Council of Europe Declares Local Elections in Armenia Free And Fair

YEREVAN (Noyan Tapan)–A delegation of the Council of Europe Congress of Local and Regional Authorities of Europe observed the second local elections in Armenia on October 24 at the invitation of the Armenian authorities. The delegation visited 88 polling stations in the regions of Yerevan–Ararat–Armavir–Aragatsotn–Kotayk–Vayots Dzor and Gegharkunik and monitored the counting process at five polling stations.

The delegation noted that the visited polling stations were well organized and that voting and counting was carried out in conformity with the current law. There was a significant improvement in managing the electoral process compared to the first local elections held in 1996. Based on its observations–the delegation declared the local elections to be free and fair.

Nevertheless–the observers recorded several minor irregularities–in particular the electoral lists–and drew the attention of the Armenian authorities to the necessity of regularly updating the electoral registers.

In several constituencies the observer teams noted a low level of participation and an insufficient number of candidates for local councils seats.

The results of the observation mission will be included in a report which CLRAE will submit to the Council of Europe Parliamentary Assembly as part of a dossier for consideration of Armenia’s membership in the council.

A detailed report on the elections–including recommendations–will be prepared by Gabor Kolumban of Romania (Chamber of Regions) and Claude Casagrande of France (Chamber of Local Authorities). It will be adopted by the CLRAE Standing Committee and forwarded to the Armenian authorities.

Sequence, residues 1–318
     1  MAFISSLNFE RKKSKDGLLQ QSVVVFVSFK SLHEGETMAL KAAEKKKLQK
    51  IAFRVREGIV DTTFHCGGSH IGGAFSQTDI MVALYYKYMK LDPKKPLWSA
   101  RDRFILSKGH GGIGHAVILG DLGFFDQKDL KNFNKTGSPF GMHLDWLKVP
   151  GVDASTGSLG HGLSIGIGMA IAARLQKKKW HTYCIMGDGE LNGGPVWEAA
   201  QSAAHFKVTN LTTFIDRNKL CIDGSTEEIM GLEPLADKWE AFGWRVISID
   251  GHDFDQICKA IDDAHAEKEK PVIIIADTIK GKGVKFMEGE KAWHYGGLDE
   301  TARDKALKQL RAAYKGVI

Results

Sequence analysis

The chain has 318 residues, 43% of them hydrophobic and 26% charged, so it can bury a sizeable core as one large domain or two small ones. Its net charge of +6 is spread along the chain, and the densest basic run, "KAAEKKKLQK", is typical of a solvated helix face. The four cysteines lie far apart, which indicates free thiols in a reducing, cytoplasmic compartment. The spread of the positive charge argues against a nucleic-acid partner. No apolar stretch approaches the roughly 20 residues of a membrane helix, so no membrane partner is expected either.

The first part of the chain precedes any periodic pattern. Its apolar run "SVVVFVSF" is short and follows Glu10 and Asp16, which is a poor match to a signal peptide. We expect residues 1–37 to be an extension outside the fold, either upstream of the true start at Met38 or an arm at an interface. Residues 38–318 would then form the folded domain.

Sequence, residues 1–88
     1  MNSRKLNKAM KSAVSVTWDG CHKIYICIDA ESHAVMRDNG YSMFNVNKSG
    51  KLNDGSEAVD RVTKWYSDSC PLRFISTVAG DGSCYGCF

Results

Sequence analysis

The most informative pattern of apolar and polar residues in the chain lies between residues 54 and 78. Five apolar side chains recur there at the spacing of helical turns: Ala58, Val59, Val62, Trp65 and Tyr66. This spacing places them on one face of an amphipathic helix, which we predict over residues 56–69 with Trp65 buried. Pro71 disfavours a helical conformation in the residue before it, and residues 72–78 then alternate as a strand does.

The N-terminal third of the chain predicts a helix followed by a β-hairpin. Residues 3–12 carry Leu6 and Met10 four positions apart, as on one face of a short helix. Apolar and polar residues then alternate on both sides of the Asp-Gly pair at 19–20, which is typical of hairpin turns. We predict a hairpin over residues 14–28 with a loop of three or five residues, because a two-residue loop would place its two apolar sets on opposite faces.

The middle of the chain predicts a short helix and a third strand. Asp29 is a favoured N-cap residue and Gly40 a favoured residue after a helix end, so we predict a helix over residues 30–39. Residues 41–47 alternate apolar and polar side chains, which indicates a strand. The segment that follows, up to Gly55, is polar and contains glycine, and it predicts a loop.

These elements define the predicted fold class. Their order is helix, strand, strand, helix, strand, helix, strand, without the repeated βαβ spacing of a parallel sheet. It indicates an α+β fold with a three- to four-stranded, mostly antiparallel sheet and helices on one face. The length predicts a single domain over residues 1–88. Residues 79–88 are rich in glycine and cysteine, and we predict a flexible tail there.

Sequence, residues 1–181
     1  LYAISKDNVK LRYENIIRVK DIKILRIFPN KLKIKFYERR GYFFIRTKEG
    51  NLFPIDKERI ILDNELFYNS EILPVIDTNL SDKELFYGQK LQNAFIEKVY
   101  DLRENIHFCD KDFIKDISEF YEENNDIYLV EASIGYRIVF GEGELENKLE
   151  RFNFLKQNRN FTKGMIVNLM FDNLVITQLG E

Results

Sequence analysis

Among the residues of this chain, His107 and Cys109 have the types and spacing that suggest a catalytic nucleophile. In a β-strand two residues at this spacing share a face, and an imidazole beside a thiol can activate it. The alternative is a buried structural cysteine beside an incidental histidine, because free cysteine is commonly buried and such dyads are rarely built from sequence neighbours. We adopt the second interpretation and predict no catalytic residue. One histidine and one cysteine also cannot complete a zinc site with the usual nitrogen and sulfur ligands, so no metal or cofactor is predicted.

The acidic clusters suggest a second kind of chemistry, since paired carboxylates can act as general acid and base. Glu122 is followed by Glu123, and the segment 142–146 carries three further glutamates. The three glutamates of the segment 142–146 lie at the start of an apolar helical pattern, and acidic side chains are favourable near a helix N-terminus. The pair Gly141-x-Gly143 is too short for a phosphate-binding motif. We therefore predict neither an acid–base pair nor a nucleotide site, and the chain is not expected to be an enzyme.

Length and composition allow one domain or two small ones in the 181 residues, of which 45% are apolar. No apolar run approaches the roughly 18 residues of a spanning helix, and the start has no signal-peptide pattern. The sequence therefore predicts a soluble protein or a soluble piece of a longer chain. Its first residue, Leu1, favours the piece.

CLRAE estimates the process of local elections in Armenia as positive in general–Kolumban and Casagrande said during a press conference on October 26.

Kolumban said–however–that according to the commission–it would be better if Yerevan’s mayor was also elected. The observers in general consider that "the number of elected local authorities in Armenia’should be increased and be provided with broader powers."

"We are also concerned by the circumstance that nomination for elective bodies in Armenia is a matter of finance," Kolumban noted. "We understand that it corresponds to your traditions and mentality–but the concept of election deposit restricts the freedom of candidate nomination," Kolumban stressed.


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